Initial leadership on financial education issues in the United Kingdom was assumed by the Financial Services Authority (FSA). The FSA was an independent nongovernmental body, given statutory powers by the Financial Services and Markets Act 2000 to regulate the financial services industry in the United Kingdom. It was replaced in April 2013 by the Financial Conduct Authority and the Prudential Regulation Authority, with some of its responsibilities given to the Bank of England. Prior to these institutional changes, the FSA responsibilities for financial education were given in 2010 to the Consumer Financial Education Body, now the Money Advice Service (see below).
The Money Advice Service is currently (December 2013) engaging with stakeholders who are involved in financial literacy as part of the development of a revised United Kingdom Strategy for Financial Capability. The strategy will look at financial literacy across the life time of an individual and what is required to support and enable people to take control of their money as best they can and it will be published in spring 2014. Building financial literacy in young people through the development of skills, knowledge and behaviour will be a core focus of the strategy and it will build upon financial literacy and education initiatives that are currently being undertaken.
The initial strong leadership by the FSA has been a significant factor in ensuring that financial education is included in all of the education curricula for each of the four countries in the United Kingdom. One of the four objectives that Parliament set the FSA was to promote public understanding of the financial system, and one of the FSA’s strategic aims was to ensure that customers achieved a fair deal.
As part of their work to deliver against these, in autumn 2003, the FSA brought together a partnership of key people and organisations in government, the financial services industry, employers, trades unions, and the educational and voluntary sectors to establish a road map for delivering a step change in the financial literacy of the United Kingdom population. The result of this process was the commitment to lead a National Strategy for Financial Capability, work which began in 2006. One of the seven main programmes in the National Strategy was focused on ensuring that young people in schools develop positive attitudes towards money. This work was informed by the benchmark survey into financial literacy in schools, conducted in 2005. The document, “Creating a Step Change in Schools”7 was published in light of this research, in 2006, and set out a two-pronged strategy for schools - i) to raise the profile and status of financial literacy in national curricula across the United Kingdom, and ii) to ensure teachers feel confident and competent in delivering personal finance lessons to their pupils.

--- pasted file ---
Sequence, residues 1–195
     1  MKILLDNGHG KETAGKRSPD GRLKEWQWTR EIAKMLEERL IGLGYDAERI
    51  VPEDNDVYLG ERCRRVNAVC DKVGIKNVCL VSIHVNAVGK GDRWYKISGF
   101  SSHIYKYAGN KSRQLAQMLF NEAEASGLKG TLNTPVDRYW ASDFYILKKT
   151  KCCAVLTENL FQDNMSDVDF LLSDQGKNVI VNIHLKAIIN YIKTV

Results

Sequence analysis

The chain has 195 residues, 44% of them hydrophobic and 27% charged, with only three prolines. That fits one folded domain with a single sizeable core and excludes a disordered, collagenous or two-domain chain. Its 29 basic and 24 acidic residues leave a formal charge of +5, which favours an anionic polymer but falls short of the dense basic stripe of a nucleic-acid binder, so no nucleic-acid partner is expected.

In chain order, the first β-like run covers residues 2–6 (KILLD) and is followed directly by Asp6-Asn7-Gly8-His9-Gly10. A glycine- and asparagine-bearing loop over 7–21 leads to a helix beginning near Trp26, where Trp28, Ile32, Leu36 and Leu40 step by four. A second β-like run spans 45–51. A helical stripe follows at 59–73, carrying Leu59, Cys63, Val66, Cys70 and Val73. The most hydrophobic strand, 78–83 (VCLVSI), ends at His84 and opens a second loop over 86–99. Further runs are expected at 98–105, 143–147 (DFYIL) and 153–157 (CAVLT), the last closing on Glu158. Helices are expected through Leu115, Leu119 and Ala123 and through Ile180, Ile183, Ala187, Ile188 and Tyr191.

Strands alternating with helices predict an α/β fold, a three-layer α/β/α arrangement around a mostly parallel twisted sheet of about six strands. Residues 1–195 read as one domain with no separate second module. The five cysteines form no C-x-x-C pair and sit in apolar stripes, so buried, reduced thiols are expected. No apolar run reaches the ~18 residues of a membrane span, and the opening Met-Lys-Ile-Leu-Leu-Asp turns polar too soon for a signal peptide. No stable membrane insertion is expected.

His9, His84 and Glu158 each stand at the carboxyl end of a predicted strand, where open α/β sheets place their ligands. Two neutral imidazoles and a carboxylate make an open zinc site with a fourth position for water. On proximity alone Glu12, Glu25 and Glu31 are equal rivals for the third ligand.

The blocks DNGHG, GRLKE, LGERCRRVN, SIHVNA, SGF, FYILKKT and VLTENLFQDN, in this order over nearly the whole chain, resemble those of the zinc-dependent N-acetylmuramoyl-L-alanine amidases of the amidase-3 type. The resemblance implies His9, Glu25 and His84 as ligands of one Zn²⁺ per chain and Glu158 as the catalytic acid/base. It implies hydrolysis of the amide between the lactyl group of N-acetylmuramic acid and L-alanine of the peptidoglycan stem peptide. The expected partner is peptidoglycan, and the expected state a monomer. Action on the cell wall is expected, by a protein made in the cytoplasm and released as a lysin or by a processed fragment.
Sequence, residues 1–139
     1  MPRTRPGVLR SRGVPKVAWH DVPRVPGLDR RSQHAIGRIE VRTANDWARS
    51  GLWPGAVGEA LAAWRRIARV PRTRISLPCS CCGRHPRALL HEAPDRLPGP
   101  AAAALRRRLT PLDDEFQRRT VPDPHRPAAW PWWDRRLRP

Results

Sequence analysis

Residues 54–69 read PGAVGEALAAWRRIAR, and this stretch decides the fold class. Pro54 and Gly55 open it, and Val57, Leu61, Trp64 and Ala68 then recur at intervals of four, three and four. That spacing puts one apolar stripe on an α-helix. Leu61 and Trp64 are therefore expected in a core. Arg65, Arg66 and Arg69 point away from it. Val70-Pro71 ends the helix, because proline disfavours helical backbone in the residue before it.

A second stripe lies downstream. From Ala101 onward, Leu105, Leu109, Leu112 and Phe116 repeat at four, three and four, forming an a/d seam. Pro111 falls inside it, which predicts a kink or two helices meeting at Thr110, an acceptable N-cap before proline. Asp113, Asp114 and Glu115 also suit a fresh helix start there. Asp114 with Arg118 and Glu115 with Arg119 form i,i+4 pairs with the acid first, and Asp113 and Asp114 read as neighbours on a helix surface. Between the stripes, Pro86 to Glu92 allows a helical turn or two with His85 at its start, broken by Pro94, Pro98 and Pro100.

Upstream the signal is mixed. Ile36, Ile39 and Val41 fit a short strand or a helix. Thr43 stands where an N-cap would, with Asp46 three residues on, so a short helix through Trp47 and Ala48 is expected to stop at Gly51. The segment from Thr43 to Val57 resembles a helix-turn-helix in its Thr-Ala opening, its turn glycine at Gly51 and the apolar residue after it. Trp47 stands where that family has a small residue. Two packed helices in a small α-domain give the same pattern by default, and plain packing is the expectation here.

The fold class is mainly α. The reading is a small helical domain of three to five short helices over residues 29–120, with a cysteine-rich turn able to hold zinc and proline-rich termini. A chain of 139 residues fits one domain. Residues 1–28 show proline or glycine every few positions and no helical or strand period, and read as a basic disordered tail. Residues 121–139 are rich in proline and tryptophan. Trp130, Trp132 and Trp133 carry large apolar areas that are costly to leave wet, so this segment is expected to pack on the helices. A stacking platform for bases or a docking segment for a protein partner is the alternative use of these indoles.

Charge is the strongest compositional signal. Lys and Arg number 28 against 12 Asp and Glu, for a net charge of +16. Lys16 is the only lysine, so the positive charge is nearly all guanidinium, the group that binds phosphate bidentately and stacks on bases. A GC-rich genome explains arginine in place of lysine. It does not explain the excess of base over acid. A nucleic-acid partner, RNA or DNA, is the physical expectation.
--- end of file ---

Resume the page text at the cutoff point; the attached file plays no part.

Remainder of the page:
Complementing and building on the FSA’s National Strategy, in 2007 the United Kingdom Government set out its long-term aspirations to improve financial literacy in the United Kingdom including that every child has access to a planned and coherent programme of personal financial education in school. In 2008, the Government and FSA set out a joint action plan for financial literacy which defined how the FSA’s National Strategy and a variety of Government programmes would support the shared goal of more financially capable citizens, including a significant joint programme of work to support personal financial education in schools.
In a March 2008 report, the Office for Standards in Education (OFSTED) identified common barriers to the development of personal financial education. Similar barriers have been identified in other studies, such as the Scottish Government’s report into financial education in Scottish schools, and National Foundation for Educational
Research’s report into the FSA-funded ‘Learning Money Matters’ programme of the Personal Finance Education Group (pfeg). These included pressure on curriculum time, teachers’ lack of subject knowledge and expertise; a lack of awareness of resources and other forms of support and the wide variation in provision in post-16 education.
The FSA’s role has been to ensure personal financial education was embedded in education policy frameworks and to ensure that teachers are supported in delivering personal financial education. The FSA’s United Kingdom wide remit meant it was well placed to co-ordinate financial literacy provision in schools in England, Scotland, Wales and Northern Ireland. In order to best influence Government policy to include financial literacy within the school curriculum, the FSA worked with education policy experts across the United Kingdom. As education is a devolved function, the FSA worked with policy makers in England, Scotland, Wales and Northern Ireland, identifying where personal finance sits within each policy framework, and showing how personal finance can be embedded in a way that is meaningful to schools. The FSA set up a schools working group in 2004 that was comprised of representatives from key Government departments across the United Kingdom, to ensure buy-in to the approach from the outset of the project. The strategy document “Creating a Step Change in Schools”8 sets out the outcomes from this working group.